Theme from THE EDDIE CAPRA MYSTERIES--John Addison
"Red Nova"--Stu Phillips from BATTLESTAR GALACTICA
"International Flight"--David Snell
"What Are You Going to Do?"--The Moving Sidewalks
"Crimson and Clover"--Tommy James & the Shondells

Posted by Marty at 10:58 PM CST
Updated: Wednesday, February 22, 2006 11:01 PM CST
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Monday, February 20, 2006
He's Clean, He's Mean, He's The Go-Between
Now Playing: ST. IVES
Sorry the Crane Shot has been silent lately. I was out of town over the weekend attending LD's wedding. Cheeseburger and Shark Hunter were kind enough to offer accomodations, and a good time was had by all.

The only crappy movie I was able to see while away was VAMPIRES: THE TURNING, which is, surprisingly, a sequel to 1998's JOHN CARPENTER'S VAMPIRES, a meanspirited and occasionally entertaining vampire western with a spirited, foulmouthed performance by James Woods as a badass vampire hunter. Carpenter wasn't involved with the direct-to-video sequel, VAMPIRES: LOS MUERTOS, which starred Jon Bon Jovi, of all people. I didn't see that one, but it had to have been better than 2005's VAMPIRES: THE TURNING, a confusing, dull and illogical DTV sequel with a colorless cast.

Last night I watched VOLUNTEERS, which I had never seen for some reason. Now I know why: it isn't very good. It should have been. Tom Hanks and John Candy reunite the year after SPLASH was a big hit, CHEERS writers Ken Levine and David Isaacs did the screenplay, and Nicholas Meyer, hot off TIME AFTER TIME and STAR TREK II: THE WRATH OF KHAN, directed it. Of course, Meyer isn't exactly known for rollicking comedy, and VOLUNTEERS is pretty flat. Tim Thomerson is really good as a psycho CIA agent, and Hanks has some nice chemistry with Gedde Watanabe (GUNG HO), but oddly gets nothing going with Candy. Hanks met his wife-to-be Rita Wilson on this film, so at least it worked out for somebody. There are a handful of clever sight gags, and a couple of lines made me laugh, but Hanks' character is an unlikeable jag, and there isn't much funny here.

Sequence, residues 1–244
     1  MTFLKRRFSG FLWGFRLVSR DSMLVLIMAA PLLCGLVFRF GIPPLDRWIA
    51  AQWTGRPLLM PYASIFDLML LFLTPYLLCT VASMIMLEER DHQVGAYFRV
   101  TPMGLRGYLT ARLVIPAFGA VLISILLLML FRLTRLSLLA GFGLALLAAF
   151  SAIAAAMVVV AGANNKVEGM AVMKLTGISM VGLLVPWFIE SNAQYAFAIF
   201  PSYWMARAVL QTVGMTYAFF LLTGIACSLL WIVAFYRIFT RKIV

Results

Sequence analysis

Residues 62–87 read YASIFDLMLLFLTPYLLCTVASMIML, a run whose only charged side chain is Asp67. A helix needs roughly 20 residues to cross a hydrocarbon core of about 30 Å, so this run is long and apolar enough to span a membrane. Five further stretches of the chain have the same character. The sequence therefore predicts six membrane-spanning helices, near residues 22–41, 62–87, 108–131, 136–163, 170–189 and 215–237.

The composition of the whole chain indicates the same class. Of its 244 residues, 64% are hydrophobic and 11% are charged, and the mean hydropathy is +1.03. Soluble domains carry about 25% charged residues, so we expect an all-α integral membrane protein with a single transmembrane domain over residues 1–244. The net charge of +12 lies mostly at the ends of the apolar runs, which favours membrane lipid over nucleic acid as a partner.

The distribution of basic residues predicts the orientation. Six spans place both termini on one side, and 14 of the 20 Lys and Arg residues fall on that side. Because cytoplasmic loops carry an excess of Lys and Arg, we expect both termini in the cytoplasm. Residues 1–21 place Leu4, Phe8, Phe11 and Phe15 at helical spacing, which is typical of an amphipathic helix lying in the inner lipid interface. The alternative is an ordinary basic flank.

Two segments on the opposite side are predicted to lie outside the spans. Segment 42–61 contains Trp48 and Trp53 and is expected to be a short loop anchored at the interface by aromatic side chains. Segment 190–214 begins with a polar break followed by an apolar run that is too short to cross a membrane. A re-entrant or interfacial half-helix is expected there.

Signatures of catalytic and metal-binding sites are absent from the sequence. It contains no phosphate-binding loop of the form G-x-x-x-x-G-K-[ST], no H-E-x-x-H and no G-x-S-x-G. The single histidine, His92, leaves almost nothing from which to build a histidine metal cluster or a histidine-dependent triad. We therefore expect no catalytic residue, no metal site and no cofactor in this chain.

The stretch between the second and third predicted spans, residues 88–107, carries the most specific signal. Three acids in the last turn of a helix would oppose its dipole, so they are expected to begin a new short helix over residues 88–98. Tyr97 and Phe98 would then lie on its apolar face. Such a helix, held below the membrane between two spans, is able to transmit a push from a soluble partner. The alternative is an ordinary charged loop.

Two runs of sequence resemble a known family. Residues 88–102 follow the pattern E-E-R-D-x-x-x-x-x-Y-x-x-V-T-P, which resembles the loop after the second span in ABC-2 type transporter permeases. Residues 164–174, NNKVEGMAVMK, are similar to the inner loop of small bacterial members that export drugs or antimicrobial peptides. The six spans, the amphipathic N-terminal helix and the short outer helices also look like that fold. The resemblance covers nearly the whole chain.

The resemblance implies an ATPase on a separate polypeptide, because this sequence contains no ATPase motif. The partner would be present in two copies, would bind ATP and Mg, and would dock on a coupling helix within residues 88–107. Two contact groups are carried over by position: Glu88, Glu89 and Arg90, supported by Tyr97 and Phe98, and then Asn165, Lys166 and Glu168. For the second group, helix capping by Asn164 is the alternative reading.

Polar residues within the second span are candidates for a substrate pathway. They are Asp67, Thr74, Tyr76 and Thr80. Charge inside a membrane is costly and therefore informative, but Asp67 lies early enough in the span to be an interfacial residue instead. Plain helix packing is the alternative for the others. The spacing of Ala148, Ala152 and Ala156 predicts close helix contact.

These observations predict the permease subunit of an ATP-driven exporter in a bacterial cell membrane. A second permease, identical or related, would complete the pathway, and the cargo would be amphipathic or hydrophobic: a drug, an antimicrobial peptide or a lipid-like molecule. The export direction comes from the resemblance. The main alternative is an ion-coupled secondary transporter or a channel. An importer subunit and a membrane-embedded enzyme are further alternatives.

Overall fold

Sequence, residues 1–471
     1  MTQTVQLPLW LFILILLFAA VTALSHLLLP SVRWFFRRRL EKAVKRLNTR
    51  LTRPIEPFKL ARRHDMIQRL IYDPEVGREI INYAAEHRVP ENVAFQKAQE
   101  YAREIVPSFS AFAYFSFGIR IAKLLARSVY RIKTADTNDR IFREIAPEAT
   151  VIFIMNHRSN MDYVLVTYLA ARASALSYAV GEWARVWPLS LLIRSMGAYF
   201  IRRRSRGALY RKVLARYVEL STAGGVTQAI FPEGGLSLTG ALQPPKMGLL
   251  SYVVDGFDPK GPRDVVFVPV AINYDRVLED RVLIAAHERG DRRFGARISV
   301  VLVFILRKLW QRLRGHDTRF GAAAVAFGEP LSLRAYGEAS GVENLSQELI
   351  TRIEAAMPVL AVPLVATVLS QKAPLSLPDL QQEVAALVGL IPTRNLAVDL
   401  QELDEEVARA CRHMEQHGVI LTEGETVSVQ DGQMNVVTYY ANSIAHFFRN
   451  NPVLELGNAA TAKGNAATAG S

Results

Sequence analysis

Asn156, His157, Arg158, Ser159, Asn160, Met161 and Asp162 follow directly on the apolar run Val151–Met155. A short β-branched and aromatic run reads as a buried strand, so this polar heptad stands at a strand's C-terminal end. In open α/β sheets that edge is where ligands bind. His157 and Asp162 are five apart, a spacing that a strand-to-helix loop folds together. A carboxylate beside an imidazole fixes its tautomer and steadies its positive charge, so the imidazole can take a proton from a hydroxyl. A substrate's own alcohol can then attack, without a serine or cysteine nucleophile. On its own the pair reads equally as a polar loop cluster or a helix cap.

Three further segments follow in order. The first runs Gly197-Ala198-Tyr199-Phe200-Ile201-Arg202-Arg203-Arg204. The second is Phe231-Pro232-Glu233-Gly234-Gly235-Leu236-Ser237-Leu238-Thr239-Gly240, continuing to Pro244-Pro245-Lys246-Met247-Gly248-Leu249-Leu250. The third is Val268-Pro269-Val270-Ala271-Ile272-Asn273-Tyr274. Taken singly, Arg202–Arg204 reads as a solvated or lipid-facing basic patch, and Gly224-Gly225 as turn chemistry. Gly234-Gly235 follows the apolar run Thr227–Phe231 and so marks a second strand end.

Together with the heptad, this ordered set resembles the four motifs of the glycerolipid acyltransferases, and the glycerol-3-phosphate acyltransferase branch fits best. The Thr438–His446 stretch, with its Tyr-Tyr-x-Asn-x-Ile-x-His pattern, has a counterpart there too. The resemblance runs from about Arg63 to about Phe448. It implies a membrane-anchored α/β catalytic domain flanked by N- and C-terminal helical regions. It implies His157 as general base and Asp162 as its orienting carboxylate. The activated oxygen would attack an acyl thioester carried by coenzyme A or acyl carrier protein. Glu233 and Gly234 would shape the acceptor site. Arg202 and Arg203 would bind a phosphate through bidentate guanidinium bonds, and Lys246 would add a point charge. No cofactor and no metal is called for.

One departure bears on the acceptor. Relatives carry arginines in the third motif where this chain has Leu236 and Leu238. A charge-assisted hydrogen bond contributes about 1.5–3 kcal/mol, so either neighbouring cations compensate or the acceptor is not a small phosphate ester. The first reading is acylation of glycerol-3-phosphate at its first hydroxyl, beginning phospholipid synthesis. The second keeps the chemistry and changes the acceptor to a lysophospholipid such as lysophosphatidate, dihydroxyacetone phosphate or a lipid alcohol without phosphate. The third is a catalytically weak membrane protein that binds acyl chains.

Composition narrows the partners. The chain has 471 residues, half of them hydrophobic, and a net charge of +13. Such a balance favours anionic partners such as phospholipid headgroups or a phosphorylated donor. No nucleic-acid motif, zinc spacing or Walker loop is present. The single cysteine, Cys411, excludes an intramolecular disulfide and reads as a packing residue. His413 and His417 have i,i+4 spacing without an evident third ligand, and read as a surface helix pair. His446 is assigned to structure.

Also, thanks to Netflix, I caught up with a Charles Bronson movie I hadn't seen. ST. IVES was the first of nine movies Bronson made with director J. Lee Thompson. In it, he plays a professional "go-between" (I don't know how you get that gig) named Raymond St. Ives who is hired by wealthy crook John Houseman to ransom some ledgers stolen from Houseman's safe. Of course, no job is as easy as it seems, and when Bronson shows up at the ransom site with $100,000 and finds no ledgers, but a dead guy in a dryer, he realizes this gig isn't going to be the cakewalk he was hoping for. He does eventually sleep with Jacqueline Bisset, which you would imagine would make the whole ordeal worthwhile. What's really cool about ST. IVES, in addition to the punchy Lalo Schifrin score, is the supporting cast. If you watched more than five movies made during the 1970's, you've seen most of the performers before. Harry Guardino (THE ENFORCER), Dana Elcar (BARETTA) and Harris Yulin (NIGHT MOVES) play cops. Maximilian Schell gets "guest star" billing as a shrink. Michael Lerner (BARTON FINK) is a lawyer. Elisha Cook (THE MALTESE FALCON) is a hotel clerk. Daniel J. Travanti (HILL STREET BLUES), Burr DeBenning (THE INCREDIBLE MELTING MAN), Val Bisoglio (QUINCY, M.E.), Dick O'Neill (CAGNEY & LACEY), George Memmoli (PHANTOM OF THE PARADISE), stuntman Dar Robinson and Olan Soule (the voice of Batman on SUPERFRIENDS) are in it too. You'll also see Robert Englund and Jeff Goldblum (also in Bronson's DEATH WISH) in small roles.